By Plyfaa Suwanamalik-Murphy
Today’s ushering of a new decade brings forth a time to reflect and analyze the education system. Modern society brings in a new era of aspiring for gender equality, but the presence of gender stereotypes still clearly exists in the learning materials presented to students.
At a young age, children are susceptible to manipulation and influence from their parents, adults, and community. From “STEM gender stereotypes from early childhood through adolescence at informal science centers” McGuire, Luke, et al., states that “from as young as two-years-old children understand gender labels and begin to develop ideas about gender groups that are generalized in the form of stereotypes shortly afterwards.”
This goes to reveal the outstanding problem that exists today. The concept of gender stereotyping is a never-ending cycle due to the generalizations imposed by us at a young age, with parents, adults, and communities that have been taught by an education system that has only stressed negative gender stereotypes. In turn, these three influences may unconsciously pass the type of thinking that was imposed on them to the next generation of children, adding to the cycle.
When reflecting on this problem, there seems to be one noticeable source, the education system. While I understand this is not the only reason why gender stereotypes still exist as well as gender inequality and biases, this seems to be the main reason. Although education has made leaps and bounds into modernization and has worked to develop a thinking of equality, the materials it presents doesn’t adequately represent this claim. Education, while a source for the growth and development of children, helps explain why gender stereotypes burden children at such a young age.
With a focus on how children encompass gender stereotypes to carry within them throughout their lives, the education system can be re-evaluated to provide a foundation for students that stresses the values of gender equality and realization of gender stereotypes.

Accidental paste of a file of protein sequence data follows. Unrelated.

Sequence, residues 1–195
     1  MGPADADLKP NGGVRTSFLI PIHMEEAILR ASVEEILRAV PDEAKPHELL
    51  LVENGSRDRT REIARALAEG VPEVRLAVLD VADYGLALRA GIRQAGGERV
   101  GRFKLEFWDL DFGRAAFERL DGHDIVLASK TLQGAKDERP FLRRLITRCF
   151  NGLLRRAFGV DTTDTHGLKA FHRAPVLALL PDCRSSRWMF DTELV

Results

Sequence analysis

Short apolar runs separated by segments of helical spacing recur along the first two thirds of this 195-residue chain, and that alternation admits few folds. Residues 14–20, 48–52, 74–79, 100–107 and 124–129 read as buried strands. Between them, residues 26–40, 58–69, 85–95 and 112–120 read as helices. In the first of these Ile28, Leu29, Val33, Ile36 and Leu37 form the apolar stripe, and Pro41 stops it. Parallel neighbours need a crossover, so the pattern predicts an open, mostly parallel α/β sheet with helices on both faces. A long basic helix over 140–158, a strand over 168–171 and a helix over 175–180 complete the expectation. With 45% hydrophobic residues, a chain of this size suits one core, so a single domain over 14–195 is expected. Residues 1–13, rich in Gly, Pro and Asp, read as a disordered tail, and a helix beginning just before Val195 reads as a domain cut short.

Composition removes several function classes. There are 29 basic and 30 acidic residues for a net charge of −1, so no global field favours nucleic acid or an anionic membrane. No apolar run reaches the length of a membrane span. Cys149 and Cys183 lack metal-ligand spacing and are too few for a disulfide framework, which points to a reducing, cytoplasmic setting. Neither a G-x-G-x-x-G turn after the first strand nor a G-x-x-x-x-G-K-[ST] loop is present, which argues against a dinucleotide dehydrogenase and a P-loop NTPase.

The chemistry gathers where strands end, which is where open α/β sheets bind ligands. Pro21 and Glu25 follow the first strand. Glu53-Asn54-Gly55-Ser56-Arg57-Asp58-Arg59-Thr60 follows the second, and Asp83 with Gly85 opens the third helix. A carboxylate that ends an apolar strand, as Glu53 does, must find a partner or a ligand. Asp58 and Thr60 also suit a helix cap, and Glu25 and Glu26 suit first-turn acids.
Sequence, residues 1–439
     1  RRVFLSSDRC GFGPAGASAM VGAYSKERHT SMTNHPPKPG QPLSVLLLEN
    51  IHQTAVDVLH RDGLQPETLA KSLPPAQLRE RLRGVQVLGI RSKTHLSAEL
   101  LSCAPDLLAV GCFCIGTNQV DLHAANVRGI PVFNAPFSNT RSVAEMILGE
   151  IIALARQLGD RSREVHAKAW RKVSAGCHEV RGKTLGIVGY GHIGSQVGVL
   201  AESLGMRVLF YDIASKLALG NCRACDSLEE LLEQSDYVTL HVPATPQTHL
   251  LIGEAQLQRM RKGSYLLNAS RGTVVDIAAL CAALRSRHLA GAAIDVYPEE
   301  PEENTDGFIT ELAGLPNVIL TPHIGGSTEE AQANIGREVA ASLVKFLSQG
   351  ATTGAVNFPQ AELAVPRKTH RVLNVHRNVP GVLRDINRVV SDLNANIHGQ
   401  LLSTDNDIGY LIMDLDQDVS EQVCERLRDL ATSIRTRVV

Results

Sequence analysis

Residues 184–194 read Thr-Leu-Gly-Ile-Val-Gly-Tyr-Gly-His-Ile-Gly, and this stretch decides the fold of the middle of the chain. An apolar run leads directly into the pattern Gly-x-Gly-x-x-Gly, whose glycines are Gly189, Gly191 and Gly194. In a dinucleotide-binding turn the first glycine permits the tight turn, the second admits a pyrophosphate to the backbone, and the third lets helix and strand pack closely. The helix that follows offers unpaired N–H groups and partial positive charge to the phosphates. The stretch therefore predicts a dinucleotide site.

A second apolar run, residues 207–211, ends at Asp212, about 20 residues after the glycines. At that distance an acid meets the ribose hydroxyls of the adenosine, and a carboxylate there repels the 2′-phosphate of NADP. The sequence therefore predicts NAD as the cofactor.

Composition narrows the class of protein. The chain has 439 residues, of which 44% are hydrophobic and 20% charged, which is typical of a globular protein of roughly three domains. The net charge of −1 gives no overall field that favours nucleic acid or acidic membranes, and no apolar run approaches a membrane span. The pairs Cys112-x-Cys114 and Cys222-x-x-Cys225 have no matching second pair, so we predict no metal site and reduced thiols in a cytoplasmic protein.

A large majority of young children attend school, making them susceptible to the manipulation of teachers, textbooks, and the education system. These children then grow up, passing the values they learned in school to the next generation of children adding to the horrible cycle of reinforcing gender stereotypes. While the education system has demonstrated growth in the past decades for the representation and inclusion of all, the main reason why gender stereotypes and imposed gender roles flourish so much in school is because of the materials used to teach students. The teaching materials used today provide a stubborn obstacle to the further improvement and reality of gender equality.
In “Gender Equity in the Classroom,” Rebecca Alber notes that “education researcher Kathleen Weiler found that male-dominant curricular materials are prevalent in schools throughout the United States.” She also references a nationwide study, “Sadker, Sadker, and Zittleman state in their nationwide findings that male characters continue to dominate and outnumber females two-to-one in curricular materials.” With Alber’s sources, it is clear that the tools and materials used for teaching still present an environment for the curation and growth of gender inequality and stereotyping that still flourishes in modern society. Although many schools in San Francisco have made an effort to commit to gender fairness through the use of texts and resources, inaccurate and stereotypic treatment of gender still occurs often and exists in the teaching materials in use today.
Looking ahead to a new year, hopefully, with a re-evaluation of the education system, public schools can push forward with the goal of establishing and reinforcing gender equity in the classroom. This includes a mindful curriculum, with schools offering a haven to students, with teachers enlightening and bringing flourishment to their students in a positive environment where they teach the realization of gender stereotypes, thus resulting in the deconstruction of gender inequality and setting the foundation for the growth of a society that gives a small, very small glimpse into a utopian world.
Plyfaa Suwanamalik-Murphy is a Sunset District native, a homeschooler in her senior year and SF Youth Commissioner for District 4. You can contact her at email@example.com.
Categories: Voices of Youth